In order to be able to get to the front of a small group, a rider must be able to accelerate from a seated position when the instant of availability occurs. These short intense efforts with a steady pedal speed are easy to replicate in training with repeated over/under workouts. These workouts adapt your system to pedal “harder than hard” for short periods of time, while overall maintaining that race effort.


By looking at this file, you can see how the rider shifts to a harder gear (rather than change cadence) and back again every 30 seconds, but overall maintains a threshold effort. This trains the system to make those three person jumps that are critical to changing position in a group of racers. Also note how the heart rate drifts upwards as the efforts continue. These are hard efforts.

4. Gap Them When You Can

Unlike some road races, corners in cyclocross must often be taken at slower speeds to maintain control, but coming out of those corners hard and fast is a fantastic opportunity to gap your competition. We like our athletes to do high torque training to help them attack out of slow corners. By already being in a harder/faster gear they can create a gap quickly to the riders behind them.

We like to create this high torque strength by doing short sprints from slow speeds or even completely stopped. A rider should hold the bars and use their shoulder, core, and legs to accelerate as hard as possible. A coaching colleague of mine describes it as “breaking a piece of firewood”, stomping with the legs and pulling up with the hands.


You can see from looking at the training file how the rider’s power goes down to zero and then immediately and suddenly jumps to a near maximum level. We also try to hold a hard power level for a few seconds afterwards to replicate a course section after those hard corners. Also note how the heart rate lags a few seconds behind the power effort; it is important to remember to do these workouts by power or “wicked hard” by feel.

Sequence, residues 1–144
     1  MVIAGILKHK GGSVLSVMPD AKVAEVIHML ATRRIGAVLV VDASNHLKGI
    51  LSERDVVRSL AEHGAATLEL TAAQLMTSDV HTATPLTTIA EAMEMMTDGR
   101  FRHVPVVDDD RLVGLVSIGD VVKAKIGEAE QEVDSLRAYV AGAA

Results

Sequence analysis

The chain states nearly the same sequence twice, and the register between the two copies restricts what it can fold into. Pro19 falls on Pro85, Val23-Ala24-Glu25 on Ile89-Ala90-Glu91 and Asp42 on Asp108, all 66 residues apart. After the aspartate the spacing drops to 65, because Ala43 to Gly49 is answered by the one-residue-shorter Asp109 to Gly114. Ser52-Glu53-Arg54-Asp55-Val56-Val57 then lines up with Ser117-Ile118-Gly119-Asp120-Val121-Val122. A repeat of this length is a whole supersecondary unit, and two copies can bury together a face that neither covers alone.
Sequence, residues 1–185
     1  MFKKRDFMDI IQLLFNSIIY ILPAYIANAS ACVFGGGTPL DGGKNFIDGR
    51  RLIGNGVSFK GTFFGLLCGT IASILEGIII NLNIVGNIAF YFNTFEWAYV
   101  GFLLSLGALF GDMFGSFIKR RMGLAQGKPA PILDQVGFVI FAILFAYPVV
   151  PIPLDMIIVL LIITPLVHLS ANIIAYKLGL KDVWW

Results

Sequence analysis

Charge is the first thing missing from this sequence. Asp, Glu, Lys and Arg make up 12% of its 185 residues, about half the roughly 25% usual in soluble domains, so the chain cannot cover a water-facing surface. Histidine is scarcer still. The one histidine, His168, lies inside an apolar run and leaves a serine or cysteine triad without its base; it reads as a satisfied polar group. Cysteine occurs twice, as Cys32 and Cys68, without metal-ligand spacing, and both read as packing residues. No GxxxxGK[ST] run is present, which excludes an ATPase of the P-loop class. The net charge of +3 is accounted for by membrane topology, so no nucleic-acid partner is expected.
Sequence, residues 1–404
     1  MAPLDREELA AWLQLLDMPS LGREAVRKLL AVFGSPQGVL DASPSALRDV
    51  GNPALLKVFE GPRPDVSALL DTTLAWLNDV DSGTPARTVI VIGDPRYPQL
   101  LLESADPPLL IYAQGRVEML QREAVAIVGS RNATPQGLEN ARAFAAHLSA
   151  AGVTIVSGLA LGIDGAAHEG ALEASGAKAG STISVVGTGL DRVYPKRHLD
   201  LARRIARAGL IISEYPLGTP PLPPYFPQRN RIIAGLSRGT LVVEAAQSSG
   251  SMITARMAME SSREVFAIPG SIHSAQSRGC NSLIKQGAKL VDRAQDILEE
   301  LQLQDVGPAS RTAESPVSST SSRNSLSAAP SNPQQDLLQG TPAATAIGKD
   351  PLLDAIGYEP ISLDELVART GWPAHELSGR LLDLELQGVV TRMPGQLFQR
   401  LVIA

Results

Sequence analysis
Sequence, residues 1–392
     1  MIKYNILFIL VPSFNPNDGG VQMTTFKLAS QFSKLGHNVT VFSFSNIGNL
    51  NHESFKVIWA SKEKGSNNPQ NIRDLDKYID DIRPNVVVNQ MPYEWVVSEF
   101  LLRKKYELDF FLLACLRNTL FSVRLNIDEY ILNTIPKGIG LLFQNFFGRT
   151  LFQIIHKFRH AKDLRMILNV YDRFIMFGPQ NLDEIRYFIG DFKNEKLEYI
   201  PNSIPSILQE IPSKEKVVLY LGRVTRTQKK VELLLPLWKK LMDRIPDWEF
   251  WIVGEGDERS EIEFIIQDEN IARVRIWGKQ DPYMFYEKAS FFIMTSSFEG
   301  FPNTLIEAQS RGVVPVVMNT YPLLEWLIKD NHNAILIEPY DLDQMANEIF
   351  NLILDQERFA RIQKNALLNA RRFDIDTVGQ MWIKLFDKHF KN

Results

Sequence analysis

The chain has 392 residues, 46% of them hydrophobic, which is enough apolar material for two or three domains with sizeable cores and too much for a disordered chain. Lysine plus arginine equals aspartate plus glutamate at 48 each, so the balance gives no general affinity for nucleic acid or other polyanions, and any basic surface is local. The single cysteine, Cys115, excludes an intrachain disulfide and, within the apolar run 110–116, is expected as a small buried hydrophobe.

Once you have started riding and having fun at cyclocross, it is much more fun to race effectively and move your way up the results page today, and most importantly up the start grid tomorrow. Working with a TrainingPeaks certified coach allows you to combine these tactics and workouts together at the right time so you can finish up your cyclocross season in style. As a full time cycling coach, I feel this is the most important tactic of all.

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About Kyle Wolfe

Coach Kyle Wolfe is the Head Coach and Performance Director of Finish Fast Cycling based in southern Vermont and working with racers, athletes and riders from Ogden to Oudenaarde. Kyle is a USA Cycling Level 1 Coach, Power Based Training Certified, a Training Peaks Level 2 Coach and of course the Camp Manager of the New England Talent ID Camp.

Visit Kyle Wolfe's Coach Profile